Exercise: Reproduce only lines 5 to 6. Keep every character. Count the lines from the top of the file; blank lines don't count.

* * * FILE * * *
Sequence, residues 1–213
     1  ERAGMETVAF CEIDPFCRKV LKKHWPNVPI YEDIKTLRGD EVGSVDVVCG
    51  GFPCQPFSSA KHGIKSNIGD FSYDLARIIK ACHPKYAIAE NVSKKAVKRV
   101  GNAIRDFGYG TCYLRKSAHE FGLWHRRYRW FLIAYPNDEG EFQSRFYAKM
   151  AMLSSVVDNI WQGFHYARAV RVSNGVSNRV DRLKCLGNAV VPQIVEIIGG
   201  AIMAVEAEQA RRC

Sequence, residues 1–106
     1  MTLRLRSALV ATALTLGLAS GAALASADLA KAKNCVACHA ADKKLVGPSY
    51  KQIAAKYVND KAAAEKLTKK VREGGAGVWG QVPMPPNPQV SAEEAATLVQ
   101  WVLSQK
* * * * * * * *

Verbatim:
   151  AMLSSVVDNI WQGFHYARAV RVSNGVSNRV DRLKCLGNAV VPQIVEIIGG
   201  AIMAVEAEQA RRC